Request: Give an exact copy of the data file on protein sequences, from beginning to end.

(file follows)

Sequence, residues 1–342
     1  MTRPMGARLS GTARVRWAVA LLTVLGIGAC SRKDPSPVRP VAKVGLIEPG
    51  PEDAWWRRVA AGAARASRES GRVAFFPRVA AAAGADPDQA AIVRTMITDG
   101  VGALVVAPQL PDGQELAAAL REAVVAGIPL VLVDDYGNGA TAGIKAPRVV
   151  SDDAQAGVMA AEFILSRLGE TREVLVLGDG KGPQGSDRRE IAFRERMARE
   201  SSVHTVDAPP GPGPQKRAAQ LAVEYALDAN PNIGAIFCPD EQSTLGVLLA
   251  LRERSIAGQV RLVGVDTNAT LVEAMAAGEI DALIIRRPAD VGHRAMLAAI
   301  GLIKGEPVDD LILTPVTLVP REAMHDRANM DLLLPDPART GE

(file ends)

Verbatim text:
Sequence, residues 1–342
     1  MTRPMGARLS GTARVRWAVA LLTVLGIGAC SRKDPSPVRP VAKVGLIEPG
    51  PEDAWWRRVA AGAARASRES GRVAFFPRVA AAAGADPDQA AIVRTMITDG
   101  VGALVVAPQL PDGQELAAAL REAVVAGIPL VLVDDYGNGA TAGIKAPRVV
   151  SDDAQAGVMA AEFILSRLGE TREVLVLGDG KGPQGSDRRE IAFRERMARE
   201  SSVHTVDAPP GPGPQKRAAQ LAVEYALDAN PNIGAIFCPD EQSTLGVLLA
   251  LRERSIAGQV RLVGVDTNAT LVEAMAAGEI DALIIRRPAD VGHRAMLAAI
   301  GLIKGEPVDD LILTPVTLVP REAMHDRANM DLLLPDPART GE